moss+ross understand the needs, opportunities, and challenges of area nonprofits. The firm has often provided onsite interim services to clients, and the new m+r interim solutions business unit is a response to client requests for expanding this service.

moss+ross is accepting inquiries from clients who need interim personnel services, and also from potential affiliate contractors who are interested in working on short-term assignments for moss+ross clients. Please contact us through our website

Expanded Focus on Faith Communities

May 22nd, 2018

Expanded Focus on Faith Communities

by Susan Ross

Listening to the inspiring words of the Most Reverend Michael Curry on Saturday at the Royal Wedding reminded the world (or at least the two billion of us who watched) that there is power in love to help, heal, lift up, liberate, and show us the way to live.

At moss+ross, we believe the work we do with our nonprofit partners helps to extend this power of love to neighbors throughout our communities. During the past decade, Mary and I have grown the firm to include 18 associates, enabling us to respond rapidly and effectively to our partners. To our original core business of campaign management and fundraising counsel, we have added capacity in executive search, strategic planning, data management, research, and other important areas.

Today we announce an expanded focus on faith communities, knowing that effective fundraising is critical to achieving their missions. moss+ross has helped raise more than $35 million for church, synagogue and diocesan campaigns, and we look forward to becoming even stronger partners in this realm.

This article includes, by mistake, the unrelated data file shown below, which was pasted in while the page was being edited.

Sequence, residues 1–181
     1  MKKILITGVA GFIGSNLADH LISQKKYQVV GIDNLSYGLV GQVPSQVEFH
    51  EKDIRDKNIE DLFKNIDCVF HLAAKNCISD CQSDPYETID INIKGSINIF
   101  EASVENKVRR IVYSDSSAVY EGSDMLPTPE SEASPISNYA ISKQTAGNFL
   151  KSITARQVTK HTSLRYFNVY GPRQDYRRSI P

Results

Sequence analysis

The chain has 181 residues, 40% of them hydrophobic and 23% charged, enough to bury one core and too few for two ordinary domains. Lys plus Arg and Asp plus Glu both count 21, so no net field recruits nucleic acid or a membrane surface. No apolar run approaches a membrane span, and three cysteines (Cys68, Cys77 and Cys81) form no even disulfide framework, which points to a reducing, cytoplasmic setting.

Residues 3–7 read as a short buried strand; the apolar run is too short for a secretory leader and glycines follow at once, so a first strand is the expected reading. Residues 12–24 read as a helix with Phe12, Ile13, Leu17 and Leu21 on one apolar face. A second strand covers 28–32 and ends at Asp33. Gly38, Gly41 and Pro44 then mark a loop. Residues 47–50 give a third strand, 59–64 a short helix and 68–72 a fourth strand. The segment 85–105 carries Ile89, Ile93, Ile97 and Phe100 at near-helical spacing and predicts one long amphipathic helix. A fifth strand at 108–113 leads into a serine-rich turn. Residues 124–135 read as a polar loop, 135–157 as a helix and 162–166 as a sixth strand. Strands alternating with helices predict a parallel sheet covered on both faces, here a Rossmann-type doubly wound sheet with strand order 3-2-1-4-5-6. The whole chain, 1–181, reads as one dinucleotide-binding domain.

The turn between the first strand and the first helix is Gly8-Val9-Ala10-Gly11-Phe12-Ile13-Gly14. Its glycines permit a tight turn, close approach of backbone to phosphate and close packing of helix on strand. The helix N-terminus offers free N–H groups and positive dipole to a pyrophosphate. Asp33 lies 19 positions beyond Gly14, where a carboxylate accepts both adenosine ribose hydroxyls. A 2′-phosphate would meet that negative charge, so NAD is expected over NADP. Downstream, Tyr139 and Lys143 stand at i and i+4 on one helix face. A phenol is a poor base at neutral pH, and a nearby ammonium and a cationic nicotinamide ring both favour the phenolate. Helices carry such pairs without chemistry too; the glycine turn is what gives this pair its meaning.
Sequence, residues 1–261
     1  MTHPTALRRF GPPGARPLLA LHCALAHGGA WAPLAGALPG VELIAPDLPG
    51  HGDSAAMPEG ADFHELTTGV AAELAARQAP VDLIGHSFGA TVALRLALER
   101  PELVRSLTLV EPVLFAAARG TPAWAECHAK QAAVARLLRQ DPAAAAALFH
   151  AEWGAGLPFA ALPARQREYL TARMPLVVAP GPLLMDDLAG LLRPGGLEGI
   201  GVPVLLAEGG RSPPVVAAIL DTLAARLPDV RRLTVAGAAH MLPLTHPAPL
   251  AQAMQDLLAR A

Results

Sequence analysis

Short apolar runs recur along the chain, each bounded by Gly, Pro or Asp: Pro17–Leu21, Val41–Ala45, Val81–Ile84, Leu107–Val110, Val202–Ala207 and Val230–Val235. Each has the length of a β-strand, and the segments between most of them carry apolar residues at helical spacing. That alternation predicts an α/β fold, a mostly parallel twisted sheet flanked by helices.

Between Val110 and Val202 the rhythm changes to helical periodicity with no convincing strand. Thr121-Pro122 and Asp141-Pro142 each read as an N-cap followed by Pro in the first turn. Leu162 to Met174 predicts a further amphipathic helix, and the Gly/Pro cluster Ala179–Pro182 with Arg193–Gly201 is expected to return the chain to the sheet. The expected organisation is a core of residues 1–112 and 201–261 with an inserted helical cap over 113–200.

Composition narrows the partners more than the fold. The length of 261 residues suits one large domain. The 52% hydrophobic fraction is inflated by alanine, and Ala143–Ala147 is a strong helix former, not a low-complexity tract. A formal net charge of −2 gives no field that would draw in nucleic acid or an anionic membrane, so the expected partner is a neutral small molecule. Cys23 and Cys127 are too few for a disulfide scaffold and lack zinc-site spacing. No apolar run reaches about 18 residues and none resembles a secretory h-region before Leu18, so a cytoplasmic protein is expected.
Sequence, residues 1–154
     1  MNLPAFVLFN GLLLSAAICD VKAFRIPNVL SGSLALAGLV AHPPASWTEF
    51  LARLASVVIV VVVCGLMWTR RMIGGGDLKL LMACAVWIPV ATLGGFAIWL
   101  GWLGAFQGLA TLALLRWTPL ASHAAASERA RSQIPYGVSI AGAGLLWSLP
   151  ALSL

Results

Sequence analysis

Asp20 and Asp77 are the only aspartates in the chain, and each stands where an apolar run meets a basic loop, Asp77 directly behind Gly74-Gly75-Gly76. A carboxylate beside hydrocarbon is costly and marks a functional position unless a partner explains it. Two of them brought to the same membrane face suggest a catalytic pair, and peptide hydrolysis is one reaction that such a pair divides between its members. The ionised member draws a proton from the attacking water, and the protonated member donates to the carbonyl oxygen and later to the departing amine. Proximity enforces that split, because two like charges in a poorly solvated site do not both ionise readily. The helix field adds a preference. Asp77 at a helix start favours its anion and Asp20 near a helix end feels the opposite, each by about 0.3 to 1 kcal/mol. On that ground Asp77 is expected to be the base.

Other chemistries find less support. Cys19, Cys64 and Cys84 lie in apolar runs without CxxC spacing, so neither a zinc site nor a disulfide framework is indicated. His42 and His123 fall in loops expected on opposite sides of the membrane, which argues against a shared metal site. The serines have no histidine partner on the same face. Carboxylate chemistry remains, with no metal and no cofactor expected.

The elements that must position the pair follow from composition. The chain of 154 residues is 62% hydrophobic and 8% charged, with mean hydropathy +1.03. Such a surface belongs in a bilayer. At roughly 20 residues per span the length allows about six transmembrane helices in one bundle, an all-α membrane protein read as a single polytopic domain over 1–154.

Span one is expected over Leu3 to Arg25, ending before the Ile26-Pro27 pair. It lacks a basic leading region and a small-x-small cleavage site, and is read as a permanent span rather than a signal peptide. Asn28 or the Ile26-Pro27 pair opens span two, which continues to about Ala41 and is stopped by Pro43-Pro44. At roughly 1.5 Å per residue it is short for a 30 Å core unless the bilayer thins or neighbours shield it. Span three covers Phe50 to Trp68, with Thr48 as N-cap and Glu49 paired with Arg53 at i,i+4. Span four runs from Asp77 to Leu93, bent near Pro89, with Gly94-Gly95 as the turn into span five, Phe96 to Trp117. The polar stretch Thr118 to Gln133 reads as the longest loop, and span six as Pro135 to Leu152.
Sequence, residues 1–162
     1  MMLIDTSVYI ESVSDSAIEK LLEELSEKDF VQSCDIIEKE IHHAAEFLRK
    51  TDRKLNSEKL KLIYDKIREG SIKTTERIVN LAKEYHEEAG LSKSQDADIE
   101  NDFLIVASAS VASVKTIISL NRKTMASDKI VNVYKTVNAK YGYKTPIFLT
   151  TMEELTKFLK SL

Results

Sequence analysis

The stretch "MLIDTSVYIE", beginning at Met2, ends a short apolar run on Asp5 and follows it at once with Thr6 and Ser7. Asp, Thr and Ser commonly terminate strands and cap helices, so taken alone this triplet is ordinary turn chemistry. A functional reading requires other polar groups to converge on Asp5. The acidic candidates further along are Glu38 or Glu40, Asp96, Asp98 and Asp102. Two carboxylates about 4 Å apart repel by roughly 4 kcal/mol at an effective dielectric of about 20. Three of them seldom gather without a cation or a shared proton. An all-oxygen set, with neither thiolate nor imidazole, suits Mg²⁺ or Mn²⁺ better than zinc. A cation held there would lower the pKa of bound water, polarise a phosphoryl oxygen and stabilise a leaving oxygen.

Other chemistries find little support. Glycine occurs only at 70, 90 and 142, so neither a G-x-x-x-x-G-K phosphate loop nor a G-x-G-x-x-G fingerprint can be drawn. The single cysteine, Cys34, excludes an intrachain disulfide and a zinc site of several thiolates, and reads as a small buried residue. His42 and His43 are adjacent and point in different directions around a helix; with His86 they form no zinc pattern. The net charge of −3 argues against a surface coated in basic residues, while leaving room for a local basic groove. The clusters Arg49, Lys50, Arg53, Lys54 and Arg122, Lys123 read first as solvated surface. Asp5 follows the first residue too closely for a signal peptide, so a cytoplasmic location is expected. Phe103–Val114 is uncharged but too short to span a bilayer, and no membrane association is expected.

We have brought on additional consulting associates to lead our work.  Senior Associates Wes Brown and Patrice Nelson, both ordained ministers with long records of community and church engagement, will direct our faith communities work. In this newsletter, Wes shares his expert perspective on how congregational fundraising is different from other nonprofit efforts.

moss+ross will offer a morning workshop on May 30 and June 13 about planning and running successful faith community campaigns. It is designed to be of interest to both clergy and lay leaders, and there is no charge though space is limited (sign up info is below).

We are excited about expanding our services to partner with Triangle-area faith communities in achieving their fundraising goals.

moss+ross Workshop

Triangle area clergy and lay leaders are invited to join moss+ross
for breakfast and conversation at our upcoming workshop:
“Campaigns and Congregations”Wednesday, May 30 or Wednesday, June 13
(Select the date that’s best for you.)
Breakfast buffet at 8:30am. Workshop 9am – 11:30am.
No charge, but space is limited.

Hilton Garden Inn RTP, TW Alexander Room, 4620 South Miami Blvd. in Durham. Exit 281 off I-40.

RSVP to wbrown@mossandross.com

Fundraising and Faith Communities

May 22nd, 2018

Fundraising and Faith Communities

by Wes Brown

Faith institutions require financial support for leadership, facilities, education, and mission outreach. Yet, many congregants insist that their giving is “between me and God,” and often the pastor or other spiritual leader does not know who gives how much—a very different situation from that of most nonprofits or educational institutions. Fundraising is necessary but often uncomfortable and difficult.

Most non-profits employ staff specifically to manage fundraising efforts, but this is generally not the case for faith communities. While faith leaders know and love their people well, they are seldom experienced in managing campaigns, addressing family financial matters or discussing planned giving options. Members enlisted as campaign volunteers are reluctant, without good training, to approach fellow congregants about generous giving for fear of crossing personal boundaries. And there can be incorrect or inflated assumptions about the charitable capacities of a few prominent members.